Kratom Advocates Take Their Fight To Washington As Potential Federal Ban Looms
Dozens of advocates, consumers and vendors of the botanical drug kratom traveled to Washington, D.C., last week, hoping to preserve access to an herb they say has improved and even saved lives.
Organizers said many of the Hill staffers they met with had heard about kratom, a psychoactive herb derived from the leaves of a Southeast Asian tree related to coffee, which hadn’t been the case during previous appointments. But they admitted it would be a constant battle to counter “misinformation” from the U.S. Food and Drug Administration, which has sought to portray kratom as a deadly opioid, even as many doctors and scientists say that likely isn’t true.
The group said advocates specifically talked to congressional aides about the FDA’s recent use of a “misguided computational model” to classify kratom as an “opioid,” as well as controversy over the agency’s mandatory recall of kratom products following positive tests for salmonella. (Kratom Community Grassroots called the latter issue a “closed case with no source identified.”)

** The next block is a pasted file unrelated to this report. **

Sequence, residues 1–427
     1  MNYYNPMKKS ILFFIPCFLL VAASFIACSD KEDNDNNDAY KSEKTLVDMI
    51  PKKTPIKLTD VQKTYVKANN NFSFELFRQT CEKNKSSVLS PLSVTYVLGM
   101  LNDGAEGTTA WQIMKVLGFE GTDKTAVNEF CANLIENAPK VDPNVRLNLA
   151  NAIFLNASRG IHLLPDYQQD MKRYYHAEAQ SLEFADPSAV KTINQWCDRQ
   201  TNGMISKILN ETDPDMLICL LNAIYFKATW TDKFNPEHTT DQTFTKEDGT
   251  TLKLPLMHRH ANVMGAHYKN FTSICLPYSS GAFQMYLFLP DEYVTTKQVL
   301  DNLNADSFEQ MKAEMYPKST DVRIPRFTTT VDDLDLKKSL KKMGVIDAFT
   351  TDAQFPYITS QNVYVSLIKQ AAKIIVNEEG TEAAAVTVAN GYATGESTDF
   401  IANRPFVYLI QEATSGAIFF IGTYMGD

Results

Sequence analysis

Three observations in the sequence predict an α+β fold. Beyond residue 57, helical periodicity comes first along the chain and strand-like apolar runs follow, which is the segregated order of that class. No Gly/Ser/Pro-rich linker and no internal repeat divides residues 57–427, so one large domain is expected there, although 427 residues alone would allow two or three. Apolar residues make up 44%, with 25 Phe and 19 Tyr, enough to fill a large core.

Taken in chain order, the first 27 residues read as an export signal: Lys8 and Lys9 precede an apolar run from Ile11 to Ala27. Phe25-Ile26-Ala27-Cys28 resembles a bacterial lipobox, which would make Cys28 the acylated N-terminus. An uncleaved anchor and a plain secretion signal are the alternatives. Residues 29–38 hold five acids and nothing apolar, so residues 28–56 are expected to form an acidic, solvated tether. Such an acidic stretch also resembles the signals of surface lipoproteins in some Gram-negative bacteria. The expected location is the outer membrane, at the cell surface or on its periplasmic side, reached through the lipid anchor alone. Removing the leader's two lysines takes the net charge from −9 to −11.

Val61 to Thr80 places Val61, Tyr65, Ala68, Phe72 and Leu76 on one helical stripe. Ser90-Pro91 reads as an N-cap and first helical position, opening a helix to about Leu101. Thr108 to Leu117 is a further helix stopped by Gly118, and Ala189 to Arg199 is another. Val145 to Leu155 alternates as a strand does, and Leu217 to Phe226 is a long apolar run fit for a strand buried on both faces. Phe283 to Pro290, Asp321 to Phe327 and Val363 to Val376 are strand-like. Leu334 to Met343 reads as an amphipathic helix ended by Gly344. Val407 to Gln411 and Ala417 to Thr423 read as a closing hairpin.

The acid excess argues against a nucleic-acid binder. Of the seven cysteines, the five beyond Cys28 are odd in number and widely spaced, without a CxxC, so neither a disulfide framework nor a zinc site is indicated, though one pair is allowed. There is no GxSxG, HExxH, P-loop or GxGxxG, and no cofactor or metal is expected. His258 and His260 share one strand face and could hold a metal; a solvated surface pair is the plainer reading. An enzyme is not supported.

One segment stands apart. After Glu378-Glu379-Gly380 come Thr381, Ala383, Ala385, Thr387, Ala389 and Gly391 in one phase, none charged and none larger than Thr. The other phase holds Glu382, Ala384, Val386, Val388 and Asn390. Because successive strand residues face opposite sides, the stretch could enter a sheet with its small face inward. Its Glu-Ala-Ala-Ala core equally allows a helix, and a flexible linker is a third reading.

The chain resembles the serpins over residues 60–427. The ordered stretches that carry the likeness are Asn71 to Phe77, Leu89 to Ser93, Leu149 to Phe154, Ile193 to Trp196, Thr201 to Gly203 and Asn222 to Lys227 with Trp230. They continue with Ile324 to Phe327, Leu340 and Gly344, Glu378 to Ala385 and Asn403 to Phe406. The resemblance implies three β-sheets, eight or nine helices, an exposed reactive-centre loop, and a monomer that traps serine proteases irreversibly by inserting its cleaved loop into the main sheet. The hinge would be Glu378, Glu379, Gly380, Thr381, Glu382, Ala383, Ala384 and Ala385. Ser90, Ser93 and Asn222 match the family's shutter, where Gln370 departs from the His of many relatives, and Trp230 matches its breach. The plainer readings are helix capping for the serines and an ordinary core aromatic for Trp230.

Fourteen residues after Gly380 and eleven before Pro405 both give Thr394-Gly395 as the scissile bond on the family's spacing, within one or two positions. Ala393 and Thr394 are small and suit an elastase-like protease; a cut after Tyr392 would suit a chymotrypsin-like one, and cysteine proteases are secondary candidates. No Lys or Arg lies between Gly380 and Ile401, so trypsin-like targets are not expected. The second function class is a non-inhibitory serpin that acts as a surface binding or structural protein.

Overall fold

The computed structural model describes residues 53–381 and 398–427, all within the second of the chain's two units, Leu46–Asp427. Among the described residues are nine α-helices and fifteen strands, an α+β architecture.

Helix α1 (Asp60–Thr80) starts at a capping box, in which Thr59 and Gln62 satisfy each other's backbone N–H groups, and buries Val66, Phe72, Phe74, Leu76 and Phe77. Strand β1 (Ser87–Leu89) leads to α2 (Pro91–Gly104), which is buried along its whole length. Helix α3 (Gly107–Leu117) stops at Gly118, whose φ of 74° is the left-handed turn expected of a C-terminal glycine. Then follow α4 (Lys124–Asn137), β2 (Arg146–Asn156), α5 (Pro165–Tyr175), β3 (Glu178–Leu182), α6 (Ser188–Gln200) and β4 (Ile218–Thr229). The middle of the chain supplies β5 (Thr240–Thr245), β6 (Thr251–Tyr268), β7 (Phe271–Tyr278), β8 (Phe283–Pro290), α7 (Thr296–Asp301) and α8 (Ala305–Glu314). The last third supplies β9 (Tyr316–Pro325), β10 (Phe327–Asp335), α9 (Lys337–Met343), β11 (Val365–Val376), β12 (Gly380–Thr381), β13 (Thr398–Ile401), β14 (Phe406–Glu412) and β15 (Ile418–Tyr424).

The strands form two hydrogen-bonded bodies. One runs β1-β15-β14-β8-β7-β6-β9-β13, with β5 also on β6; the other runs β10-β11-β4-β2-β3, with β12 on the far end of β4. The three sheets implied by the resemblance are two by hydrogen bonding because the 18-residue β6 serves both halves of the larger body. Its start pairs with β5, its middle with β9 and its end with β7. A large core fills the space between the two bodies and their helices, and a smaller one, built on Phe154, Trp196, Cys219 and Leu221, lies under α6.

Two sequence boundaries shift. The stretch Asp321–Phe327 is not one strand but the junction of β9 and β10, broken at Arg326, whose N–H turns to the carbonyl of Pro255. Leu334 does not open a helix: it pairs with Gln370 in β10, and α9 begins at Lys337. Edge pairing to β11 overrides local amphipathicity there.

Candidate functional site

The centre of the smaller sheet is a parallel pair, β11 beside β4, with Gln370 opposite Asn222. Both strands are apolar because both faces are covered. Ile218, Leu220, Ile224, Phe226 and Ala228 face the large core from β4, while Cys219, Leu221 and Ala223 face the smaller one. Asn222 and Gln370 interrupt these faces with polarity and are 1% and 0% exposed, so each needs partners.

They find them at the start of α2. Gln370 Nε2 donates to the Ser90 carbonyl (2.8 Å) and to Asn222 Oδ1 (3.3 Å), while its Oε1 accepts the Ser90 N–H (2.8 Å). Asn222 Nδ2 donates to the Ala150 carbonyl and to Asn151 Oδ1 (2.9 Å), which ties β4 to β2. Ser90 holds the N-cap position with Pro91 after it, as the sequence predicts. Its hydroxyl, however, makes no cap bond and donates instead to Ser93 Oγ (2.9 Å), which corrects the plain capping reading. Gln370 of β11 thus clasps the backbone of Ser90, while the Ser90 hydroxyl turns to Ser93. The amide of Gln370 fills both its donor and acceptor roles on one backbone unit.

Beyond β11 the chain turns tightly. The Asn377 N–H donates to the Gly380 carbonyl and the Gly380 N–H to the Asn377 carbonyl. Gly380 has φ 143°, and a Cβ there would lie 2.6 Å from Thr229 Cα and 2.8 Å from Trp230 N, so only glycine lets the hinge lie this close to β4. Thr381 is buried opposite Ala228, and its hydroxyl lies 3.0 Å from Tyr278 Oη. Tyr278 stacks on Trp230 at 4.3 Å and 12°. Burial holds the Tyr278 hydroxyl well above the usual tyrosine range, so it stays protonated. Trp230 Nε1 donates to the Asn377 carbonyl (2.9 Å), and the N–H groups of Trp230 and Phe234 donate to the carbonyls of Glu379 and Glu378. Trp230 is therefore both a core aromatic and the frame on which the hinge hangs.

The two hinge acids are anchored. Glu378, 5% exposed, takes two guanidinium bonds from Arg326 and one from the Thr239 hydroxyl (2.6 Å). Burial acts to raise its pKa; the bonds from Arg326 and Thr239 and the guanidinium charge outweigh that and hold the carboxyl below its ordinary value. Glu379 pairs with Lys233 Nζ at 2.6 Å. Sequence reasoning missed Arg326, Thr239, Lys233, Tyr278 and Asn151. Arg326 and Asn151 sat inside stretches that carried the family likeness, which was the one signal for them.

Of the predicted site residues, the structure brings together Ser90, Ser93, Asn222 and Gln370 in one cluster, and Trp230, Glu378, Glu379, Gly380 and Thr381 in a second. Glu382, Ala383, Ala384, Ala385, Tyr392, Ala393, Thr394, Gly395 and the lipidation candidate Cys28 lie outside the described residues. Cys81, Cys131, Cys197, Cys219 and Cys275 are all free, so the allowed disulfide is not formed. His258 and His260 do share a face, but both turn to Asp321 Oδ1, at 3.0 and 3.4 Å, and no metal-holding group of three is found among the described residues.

Kratom products are sold in the U.S. as herbal supplements, meaning they’re subject to few federal regulations. Six states have already banned kratom, using many of the same arguments the federal government is now putting forth. Industry groups estimate there are between 3 to 5 million kratom users nationwide, who commonly take it in powder form, often contained in capsules or brewed in tea. Users regularly tout kratom for its mood-enhancing qualities, as well its stimulant or sedative properties, which can vary depending on the dose and strain.
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